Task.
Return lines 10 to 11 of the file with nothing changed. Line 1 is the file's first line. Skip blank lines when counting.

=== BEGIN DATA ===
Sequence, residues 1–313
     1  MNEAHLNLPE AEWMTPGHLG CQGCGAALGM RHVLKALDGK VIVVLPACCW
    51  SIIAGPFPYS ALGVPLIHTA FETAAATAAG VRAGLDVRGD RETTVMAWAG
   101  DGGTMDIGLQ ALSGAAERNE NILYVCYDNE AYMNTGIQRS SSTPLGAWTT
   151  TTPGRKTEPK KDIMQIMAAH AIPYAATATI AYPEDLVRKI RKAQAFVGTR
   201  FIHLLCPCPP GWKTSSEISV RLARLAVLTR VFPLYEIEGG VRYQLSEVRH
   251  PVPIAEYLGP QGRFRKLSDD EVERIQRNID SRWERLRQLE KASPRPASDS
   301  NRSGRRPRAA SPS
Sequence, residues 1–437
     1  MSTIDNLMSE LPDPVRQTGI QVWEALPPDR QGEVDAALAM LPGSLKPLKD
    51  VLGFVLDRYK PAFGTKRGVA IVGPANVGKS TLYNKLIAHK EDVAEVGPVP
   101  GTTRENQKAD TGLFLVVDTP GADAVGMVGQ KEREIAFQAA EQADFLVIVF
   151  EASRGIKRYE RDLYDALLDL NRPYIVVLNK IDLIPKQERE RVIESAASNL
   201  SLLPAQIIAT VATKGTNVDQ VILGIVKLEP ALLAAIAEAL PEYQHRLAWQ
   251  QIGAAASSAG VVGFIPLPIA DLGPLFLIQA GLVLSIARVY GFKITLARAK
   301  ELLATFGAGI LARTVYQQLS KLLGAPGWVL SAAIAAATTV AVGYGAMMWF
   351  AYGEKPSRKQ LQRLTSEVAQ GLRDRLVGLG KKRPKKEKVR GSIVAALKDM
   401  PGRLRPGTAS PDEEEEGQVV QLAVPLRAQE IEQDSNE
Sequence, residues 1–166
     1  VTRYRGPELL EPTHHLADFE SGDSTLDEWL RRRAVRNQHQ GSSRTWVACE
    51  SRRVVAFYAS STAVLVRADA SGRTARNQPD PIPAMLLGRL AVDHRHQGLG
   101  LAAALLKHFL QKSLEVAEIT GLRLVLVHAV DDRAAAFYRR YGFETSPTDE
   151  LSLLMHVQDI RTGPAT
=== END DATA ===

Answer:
     1  MSTIDNLMSE LPDPVRQTGI QVWEALPPDR QGEVDAALAM LPGSLKPLKD
    51  VLGFVLDRYK PAFGTKRGVA IVGPANVGKS TLYNKLIAHK EDVAEVGPVP